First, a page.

Race, Ethnicity, and Policing: New and Essential Readings

By Stephen K. Rice; Michael D. White Roberts | Go to book overview

3

The Stories, the Statistics, and the Law
Why “Driving While Black” Matters

David A. Harris

Each one of those stops, for me, had nothing to do with breaking the law. It had to do
with who I was… It's almost like somebody pulls your pants down around your ankles.
You're standing there nude, but you've got to act like there's nothing happening.1

It has happened to actors Wesley Snipes, Will Smith, Blair Underwood, and LeVar Burton. It has also happened to football player Marcus Allen, and Olympic athletes Al Joyner and Edwin Moses. African Americans call it “driving while black”—police officers stopping, questioning, and even searching black drivers who have committed no crime, based on the excuse of a traffic offense. And it has even happened to O. J. Simpson lawyer Johnnie Cochran.

In his pre-Simpson days, Cochran worked hand-in-hand with police officers as an Assistant District Attorney in Los Angeles, putting criminals behind bars. Cochran was driving down Sunset Boulevard one Saturday afternoon with his two youngest children in the back seat when a police car stopped him.2 Looking in his rearview mirror, Cochran got a frightening shock: “the police were out of their car with their guns out.” The officers said that they thought Cochran was driving a stolen car, and with no legal basis they began to search it. But instead of finding evidence, they found Cochran's official badge, identifying him as an Assistant District Attorney. “When they saw my badge, they ran for cover,” Cochran said.3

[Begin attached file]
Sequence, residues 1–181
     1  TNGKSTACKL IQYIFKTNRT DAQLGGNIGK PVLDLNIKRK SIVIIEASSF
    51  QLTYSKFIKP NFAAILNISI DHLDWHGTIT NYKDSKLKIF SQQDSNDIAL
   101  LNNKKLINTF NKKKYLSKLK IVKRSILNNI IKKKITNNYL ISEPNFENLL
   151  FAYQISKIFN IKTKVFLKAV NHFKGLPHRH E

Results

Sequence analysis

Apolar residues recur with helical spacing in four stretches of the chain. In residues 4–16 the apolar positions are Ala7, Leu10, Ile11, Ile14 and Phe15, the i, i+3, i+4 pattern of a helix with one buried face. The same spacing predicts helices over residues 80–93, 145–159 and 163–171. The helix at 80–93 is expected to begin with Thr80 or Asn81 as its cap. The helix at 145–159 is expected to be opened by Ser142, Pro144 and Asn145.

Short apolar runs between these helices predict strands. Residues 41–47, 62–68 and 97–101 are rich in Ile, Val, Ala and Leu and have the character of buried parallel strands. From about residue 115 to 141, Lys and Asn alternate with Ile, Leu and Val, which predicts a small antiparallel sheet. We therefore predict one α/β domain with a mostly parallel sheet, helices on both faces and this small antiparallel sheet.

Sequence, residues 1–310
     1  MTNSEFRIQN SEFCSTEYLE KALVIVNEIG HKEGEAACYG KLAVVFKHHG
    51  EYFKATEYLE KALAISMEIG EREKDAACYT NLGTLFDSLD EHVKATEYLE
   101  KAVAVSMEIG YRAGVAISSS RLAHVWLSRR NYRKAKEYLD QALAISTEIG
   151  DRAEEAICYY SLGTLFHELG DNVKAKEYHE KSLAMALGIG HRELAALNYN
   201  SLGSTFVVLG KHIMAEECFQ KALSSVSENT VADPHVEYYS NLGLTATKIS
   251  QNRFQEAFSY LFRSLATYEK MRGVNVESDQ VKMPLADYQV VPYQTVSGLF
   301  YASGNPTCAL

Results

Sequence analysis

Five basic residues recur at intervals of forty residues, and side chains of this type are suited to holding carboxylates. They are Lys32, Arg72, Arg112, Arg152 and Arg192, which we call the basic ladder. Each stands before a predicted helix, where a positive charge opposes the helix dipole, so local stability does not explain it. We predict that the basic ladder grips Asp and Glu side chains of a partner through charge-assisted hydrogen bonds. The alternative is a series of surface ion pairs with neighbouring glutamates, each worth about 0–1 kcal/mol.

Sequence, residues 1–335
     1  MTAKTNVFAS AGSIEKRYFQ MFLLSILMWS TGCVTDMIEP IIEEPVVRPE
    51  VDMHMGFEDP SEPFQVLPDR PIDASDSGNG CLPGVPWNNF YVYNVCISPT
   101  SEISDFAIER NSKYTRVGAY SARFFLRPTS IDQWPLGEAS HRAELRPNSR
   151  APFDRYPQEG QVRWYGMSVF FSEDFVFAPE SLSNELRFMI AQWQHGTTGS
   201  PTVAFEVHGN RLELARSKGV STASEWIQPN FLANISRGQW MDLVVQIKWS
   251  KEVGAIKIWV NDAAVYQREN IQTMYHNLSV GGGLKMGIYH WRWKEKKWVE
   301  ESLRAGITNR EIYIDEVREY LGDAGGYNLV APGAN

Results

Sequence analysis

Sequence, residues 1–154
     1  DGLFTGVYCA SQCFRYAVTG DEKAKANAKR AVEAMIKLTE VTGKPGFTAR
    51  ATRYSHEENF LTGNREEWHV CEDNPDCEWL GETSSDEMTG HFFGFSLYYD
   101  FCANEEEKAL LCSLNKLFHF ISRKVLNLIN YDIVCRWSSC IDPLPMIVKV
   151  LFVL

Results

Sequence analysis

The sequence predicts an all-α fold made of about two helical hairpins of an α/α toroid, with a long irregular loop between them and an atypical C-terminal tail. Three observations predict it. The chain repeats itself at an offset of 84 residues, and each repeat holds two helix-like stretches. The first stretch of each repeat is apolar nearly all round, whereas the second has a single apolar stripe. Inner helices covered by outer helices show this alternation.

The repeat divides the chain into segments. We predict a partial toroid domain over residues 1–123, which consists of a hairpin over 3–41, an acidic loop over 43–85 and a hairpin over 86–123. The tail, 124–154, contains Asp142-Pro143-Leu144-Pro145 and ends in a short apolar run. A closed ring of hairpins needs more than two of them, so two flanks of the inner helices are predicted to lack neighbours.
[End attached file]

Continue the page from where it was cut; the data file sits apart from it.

The incident unnerved Cochran, but it terrified his young children. “[The officers] had their guns out and my kids were in that car crying. My daughter said, 'Daddy, I thought you were with the police.' I had to explain to her why this happened.”4

Cochran's experience is a textbook example of what many African American drivers5 say they go through every day: police using traffic offenses as an excuse to stop and conduct roadside investigations of black drivers and their cars, usually to look for drugs. Normally, if police want to conduct stops and searches for contraband they need probable cause or at least reasonable suspicion that the suspect is involved in an offense.6 But with the Supreme Court's recent cases involving cars, drivers, and passengers, none of this is necessary. Traffic offenses open the door to stops, searches,

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